President Xi Jinping talked about “the Chinese Dream of national rejuvenation” in Beijing this week as the nightmare continued in virus-ravaged Wuhan.
At the State Council reception on Thursday, he delivered a keynote address in the Great Hall of the People ahead of the Lunar New Year celebrations.
“Time and history wait for no one as they are both on the side of hard workers. In the new year, we must secure a decisive victory in building a moderately prosperous society,” Xi said as reported by the state-run news agency Xinhua.
But there was no mention of the spread of the coronavirus, according to the official mouthpiece of the Communist Party.
At least the state-owned nationalist newspaper Global Times published an editorial entitled Salute to Wuhan citizens for their sacrifice:
“It is the first time since 1949 [that] the outbound channels of such a large provincial capital have been shut down. Wuhan is also known as a thoroughfare to nine provinces and the largest transportation hub in Central China. Therefore, it is undoubtedly difficult to make the decision to close the city. It needs much courage and rationality to take this step.
“We sincerely appreciate the sacrifices made by Wuhan citizens. They will make a great contribution to stop the uncontrolled spread of the epidemic … The suspension of public transportation in the city will bring a serious inconvenience to Wuhan locals … But the Chinese people will be with the citizens of Wuhan.”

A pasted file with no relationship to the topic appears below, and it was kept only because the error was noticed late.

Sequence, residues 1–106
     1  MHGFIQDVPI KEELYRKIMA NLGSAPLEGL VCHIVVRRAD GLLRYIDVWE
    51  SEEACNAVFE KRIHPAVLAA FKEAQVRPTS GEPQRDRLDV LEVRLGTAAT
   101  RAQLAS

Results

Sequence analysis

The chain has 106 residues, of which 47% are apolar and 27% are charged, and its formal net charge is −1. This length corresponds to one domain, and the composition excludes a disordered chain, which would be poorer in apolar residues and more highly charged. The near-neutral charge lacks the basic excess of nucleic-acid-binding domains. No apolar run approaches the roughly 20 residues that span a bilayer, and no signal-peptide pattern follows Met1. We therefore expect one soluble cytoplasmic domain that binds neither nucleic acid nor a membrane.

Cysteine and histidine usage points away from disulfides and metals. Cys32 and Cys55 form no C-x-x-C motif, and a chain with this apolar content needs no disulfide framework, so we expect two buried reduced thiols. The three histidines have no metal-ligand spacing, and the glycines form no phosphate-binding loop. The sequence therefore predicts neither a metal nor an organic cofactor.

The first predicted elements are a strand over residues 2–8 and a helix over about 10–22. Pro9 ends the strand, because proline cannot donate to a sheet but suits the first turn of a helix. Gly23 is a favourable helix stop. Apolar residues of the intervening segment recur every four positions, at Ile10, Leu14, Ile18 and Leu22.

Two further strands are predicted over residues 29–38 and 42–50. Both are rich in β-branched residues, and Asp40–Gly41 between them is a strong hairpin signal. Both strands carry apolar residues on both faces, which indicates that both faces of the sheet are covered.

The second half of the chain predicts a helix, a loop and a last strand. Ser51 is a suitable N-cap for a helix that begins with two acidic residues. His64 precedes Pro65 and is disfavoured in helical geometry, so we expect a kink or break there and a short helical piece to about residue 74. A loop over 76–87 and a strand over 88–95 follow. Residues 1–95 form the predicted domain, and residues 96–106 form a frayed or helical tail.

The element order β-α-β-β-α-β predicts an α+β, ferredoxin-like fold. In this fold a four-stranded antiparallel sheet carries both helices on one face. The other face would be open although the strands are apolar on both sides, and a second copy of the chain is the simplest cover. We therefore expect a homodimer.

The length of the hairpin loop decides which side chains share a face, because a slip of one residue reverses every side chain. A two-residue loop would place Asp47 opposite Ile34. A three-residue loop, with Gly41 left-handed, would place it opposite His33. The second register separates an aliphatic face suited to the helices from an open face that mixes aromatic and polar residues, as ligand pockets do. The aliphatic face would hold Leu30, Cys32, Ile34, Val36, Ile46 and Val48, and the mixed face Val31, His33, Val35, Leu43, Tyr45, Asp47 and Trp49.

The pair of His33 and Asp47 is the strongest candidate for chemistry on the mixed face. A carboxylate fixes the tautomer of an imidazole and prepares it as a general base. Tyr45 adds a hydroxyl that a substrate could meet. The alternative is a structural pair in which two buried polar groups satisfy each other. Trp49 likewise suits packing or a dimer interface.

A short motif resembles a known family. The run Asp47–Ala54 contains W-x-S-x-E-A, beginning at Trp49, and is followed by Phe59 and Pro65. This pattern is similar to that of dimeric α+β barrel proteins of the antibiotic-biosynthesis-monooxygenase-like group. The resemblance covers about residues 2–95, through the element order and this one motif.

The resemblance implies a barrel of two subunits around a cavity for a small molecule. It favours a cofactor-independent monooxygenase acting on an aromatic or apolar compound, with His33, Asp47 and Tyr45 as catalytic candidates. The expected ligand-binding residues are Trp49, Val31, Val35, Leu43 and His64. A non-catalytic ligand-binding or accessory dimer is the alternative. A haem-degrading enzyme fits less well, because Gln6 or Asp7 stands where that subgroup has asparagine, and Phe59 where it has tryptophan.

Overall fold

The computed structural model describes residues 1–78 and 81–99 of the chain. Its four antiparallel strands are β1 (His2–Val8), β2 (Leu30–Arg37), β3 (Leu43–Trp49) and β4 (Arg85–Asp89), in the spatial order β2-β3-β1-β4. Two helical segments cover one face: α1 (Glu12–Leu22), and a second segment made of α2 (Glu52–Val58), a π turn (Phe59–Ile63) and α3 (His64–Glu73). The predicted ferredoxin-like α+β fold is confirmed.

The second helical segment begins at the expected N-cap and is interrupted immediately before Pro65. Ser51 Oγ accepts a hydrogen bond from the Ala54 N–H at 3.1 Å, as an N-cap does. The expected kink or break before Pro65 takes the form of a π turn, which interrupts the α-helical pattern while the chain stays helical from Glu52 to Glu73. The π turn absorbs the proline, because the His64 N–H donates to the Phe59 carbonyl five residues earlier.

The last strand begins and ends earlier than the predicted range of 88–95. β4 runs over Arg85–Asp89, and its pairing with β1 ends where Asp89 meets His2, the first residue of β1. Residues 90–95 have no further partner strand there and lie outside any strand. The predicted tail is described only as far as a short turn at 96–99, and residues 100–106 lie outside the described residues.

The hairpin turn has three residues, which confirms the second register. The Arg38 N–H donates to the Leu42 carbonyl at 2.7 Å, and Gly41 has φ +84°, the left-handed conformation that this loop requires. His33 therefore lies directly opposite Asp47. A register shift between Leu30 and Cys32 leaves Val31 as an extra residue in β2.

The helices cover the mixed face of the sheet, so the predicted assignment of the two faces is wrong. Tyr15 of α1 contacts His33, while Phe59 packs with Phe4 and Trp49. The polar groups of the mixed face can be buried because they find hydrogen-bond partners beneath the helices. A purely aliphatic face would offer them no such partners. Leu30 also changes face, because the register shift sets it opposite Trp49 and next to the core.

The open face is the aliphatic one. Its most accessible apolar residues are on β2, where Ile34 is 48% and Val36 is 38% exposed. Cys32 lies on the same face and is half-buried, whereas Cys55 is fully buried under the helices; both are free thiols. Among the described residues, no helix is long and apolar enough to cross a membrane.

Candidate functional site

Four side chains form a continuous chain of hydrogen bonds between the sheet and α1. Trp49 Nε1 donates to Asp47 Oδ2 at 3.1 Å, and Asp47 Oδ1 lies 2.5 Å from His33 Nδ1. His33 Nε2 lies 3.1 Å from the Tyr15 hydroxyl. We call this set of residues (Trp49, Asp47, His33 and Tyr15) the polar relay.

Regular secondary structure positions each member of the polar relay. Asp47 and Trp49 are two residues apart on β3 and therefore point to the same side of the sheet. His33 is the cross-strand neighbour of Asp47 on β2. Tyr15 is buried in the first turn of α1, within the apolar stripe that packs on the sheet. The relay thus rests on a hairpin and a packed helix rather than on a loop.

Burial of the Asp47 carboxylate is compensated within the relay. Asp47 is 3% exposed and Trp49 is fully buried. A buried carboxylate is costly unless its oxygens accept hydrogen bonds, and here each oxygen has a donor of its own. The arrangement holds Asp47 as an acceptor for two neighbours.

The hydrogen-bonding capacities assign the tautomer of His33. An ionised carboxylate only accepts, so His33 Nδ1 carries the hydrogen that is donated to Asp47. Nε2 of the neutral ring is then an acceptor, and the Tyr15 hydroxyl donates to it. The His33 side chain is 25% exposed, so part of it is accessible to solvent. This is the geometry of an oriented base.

So far, the death toll from the SARS-like virus has reached 56 while at least 2,000 people have become infected, the Center for Health Protection in Beijing reported at the weekend.
Severe Acute Respiratory Syndrome, or SARS, killed nearly 650 people across mainland China and Hong Kong between 2002 and 2003 with its flu-like symptoms. Already the Wuhan outbreak has spread with cases reported in major Chinese cities, including Beijing, Shanghai, Hong Kong and Shenzhen.
As the disease mutates, concerns are growing about containing the virus after hundreds of millions of people traveled across the country for the Lunar New Year holiday period.
Large numbers of Chinese tourists have also headed abroad, posing problems at international airports. Thailand, Japan, South Korea, Taiwan, Vietnam and the United States have been on high alert after confirming cases of the disease.
In a move to stabilize the situation, Xi’s government has locked down Wuhan, the epicenter of the outbreak, and 12 other smaller cities, sealing off 40 million people, which is more than the population of Canada.
The World Health Organization has since labeled China a “very high risk” but stopped short of declaring a global emergency.
“There’s still a lot we don’t know,” Tedros Adhanom Ghebreyesus, the director-general of the WHO, told a media briefing in Geneva on Thursday. “We know that among those infected, one-quarter of patients have experienced severe disease and that it can kill.